Better labeled a EuroWestern perhaps than spaghetti Western, the trailer for The Salvation is making the rounds now after a European release last year, finally to make it into select U.S. cinemas and OnDemand later this month.

The Salvation Eva Green

The last time we saw a movie that had that right Western look was the remake of 3:10 to Yuma, starring Russell Crowe and Christian Bale, released in 2007.  Yuma was a little bit too Hollywood to result in a modern classic, but there’s something about The Salvation’s trailer that gives us hope.  It may be the lack of Hollywood’s A-List actors.  Instead we have two big European names, former stars of Casino Royale.  Mads Mikkelsen, the well-known Danish actor who plays Hannibal Lector in the American Hannibal TV series is the male lead, playing opposite genre favorite and “Bond girl” Eva Green (The Golden Compass, 300: Rise of an Empire).

After the break check out the trailer for The Salvation.

Continue reading

Aston Martin DB10 - New Bondmobile

The same agency that taunted James Bond in five classic James Bond films (Thunderball, Dr. No, The Spy Who Loved Me, On Her Majesty’s Secret Service, and You Only Live Twice) will be the title of the next Bond film, SPECTRE, the 24th in the current franchise and 26th to feature Bond if you include David Niven’s Casino Royale and Never Say Never Again.  SPECTRE, which stands for SPecial Executive for Counter-intelligence, Terrorism, Revenge and Extortion,” is the movie incarnation of the less gritty sounding SMERSH, a Russian acronym for “Special Methods of Spy Detection” in the original Ian Fleming Bond novels.  Two-time Academy Award winner Christoph Waltz will star as the next Bond villain, named Oberhauser.  SPECTRE is also the agency led by fan favorite Bond villain Blofeld, which has led to speculation that Oberhauser is really an alias for Blofeld, like the much ballyhooed, almost-surprise villain Khan in the last Star Trek movie.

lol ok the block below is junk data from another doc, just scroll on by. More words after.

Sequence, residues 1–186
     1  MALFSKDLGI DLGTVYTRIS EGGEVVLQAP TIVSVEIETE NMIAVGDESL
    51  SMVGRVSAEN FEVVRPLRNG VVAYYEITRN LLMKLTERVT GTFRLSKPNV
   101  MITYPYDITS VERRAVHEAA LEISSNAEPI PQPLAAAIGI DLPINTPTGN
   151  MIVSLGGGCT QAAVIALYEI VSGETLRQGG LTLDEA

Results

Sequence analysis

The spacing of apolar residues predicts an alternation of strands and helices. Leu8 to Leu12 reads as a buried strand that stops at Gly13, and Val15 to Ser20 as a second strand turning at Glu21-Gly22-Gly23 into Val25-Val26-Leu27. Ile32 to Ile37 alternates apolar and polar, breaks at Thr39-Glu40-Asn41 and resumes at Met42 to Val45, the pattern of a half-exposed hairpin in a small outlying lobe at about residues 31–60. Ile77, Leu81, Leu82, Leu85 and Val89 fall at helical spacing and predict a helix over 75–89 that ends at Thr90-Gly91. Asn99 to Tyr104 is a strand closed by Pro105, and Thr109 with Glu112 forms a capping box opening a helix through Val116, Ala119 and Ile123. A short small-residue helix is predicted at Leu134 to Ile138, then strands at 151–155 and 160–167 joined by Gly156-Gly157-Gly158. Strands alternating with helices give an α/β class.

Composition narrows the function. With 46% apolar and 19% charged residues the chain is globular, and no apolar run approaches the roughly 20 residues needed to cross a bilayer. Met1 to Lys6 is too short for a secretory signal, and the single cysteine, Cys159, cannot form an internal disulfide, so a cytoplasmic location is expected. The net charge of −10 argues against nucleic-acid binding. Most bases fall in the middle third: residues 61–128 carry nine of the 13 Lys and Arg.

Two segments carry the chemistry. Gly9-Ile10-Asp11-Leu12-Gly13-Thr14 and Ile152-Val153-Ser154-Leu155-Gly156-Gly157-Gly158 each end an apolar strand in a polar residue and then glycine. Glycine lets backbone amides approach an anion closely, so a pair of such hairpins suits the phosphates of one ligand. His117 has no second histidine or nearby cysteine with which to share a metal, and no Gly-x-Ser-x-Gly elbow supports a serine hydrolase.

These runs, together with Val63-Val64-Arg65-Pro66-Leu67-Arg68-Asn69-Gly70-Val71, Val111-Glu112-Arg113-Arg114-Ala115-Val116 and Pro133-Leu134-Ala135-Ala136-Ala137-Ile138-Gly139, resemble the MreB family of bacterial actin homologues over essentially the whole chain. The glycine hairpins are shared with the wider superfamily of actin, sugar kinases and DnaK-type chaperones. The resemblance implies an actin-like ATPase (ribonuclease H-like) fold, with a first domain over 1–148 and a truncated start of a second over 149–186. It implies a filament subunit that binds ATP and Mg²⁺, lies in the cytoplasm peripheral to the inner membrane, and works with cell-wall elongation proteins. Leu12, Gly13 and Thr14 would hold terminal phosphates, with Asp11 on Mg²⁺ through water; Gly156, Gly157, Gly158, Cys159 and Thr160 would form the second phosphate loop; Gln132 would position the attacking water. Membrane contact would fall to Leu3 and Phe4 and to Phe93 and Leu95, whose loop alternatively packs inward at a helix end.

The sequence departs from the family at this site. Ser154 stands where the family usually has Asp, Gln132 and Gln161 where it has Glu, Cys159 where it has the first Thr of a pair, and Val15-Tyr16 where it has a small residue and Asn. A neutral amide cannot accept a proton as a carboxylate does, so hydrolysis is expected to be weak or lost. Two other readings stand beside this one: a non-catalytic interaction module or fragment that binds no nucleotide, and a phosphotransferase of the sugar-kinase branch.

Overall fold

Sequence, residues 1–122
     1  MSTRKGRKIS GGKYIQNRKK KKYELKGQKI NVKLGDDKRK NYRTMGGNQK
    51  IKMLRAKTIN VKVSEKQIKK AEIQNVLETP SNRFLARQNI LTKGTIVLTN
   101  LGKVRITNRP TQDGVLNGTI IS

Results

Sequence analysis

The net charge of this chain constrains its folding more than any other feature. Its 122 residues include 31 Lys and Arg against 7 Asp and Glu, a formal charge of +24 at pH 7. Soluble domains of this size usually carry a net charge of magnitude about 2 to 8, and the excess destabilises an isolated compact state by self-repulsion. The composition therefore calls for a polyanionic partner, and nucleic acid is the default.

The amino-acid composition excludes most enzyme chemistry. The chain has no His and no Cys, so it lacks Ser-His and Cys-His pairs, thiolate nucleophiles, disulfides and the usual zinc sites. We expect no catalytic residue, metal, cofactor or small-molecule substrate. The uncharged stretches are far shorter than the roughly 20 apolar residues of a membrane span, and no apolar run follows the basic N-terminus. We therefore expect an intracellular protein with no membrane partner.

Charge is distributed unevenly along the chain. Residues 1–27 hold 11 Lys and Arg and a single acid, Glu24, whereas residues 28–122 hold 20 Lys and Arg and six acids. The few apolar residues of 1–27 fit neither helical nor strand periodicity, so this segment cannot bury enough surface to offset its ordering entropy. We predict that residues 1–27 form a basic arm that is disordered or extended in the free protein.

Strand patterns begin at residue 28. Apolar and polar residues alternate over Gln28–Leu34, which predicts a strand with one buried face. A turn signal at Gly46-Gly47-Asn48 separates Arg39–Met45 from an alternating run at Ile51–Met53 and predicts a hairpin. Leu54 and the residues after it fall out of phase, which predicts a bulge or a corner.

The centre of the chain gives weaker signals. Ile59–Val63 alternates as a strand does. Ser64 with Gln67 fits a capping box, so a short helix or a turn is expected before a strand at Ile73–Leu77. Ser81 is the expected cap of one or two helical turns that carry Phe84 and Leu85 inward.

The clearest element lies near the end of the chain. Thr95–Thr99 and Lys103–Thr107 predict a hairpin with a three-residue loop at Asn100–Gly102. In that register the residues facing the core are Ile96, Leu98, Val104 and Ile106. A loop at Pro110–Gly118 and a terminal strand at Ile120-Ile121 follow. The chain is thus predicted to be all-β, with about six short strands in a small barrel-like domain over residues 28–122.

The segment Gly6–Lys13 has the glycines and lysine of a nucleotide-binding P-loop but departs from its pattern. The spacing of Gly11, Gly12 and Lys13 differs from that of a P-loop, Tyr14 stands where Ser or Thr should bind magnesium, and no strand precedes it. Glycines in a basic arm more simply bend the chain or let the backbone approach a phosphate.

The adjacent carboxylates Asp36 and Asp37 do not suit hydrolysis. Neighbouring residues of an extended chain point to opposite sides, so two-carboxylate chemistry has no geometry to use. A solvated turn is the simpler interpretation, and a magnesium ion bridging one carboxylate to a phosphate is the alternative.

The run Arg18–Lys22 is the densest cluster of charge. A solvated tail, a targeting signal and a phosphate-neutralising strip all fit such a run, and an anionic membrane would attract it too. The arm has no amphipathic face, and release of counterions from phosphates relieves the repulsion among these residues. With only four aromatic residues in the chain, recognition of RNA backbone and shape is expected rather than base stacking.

Although all Bond novel titles have been used for Bond films, unused titles for original Fleming authored Bond works include “The Hildebrand Rarity,” “Risico” or “The Double Take,” “007 in New York,” and “The Property of a Lady.”  You Only Live Twice, Never Say Never Again, Licence to Kill, The World is Not Enough, Tomorrow Never Dies, Die Another Day, Goldeneye and Skyfall were sourced from concepts within the novels, and A View to a Kill taken from the story “From a View to a Kill.”

SPECTRE movie poster teaser 2015

Even a slick new Aston Martin, the DB10 (shown above) is being rolled out for Bond for the next film.  After the break check out the new title teaser video for the film.

Continue reading

Game of Thrones - Season 3 Ygritte Rose Leslie

Game of Thrones returns to HBO for its third season a week from tomorrow.  And HBO has released several previews to give fans something to get psyched for.  If you’re not caught up on the series, Season 1 is available in a five-disc DVD version for $39.99 and a seven-disc Blu-Ray version for $47.99 and Season 2 is available in a five-disc version for $37.99 and a seven-disc Blu-Ray version for $47.99, both from Amazon.com.  You can also stream each episode of Season 1 and Season 2 also at Amazon.com to get caught up on the series at $2.99 per episode.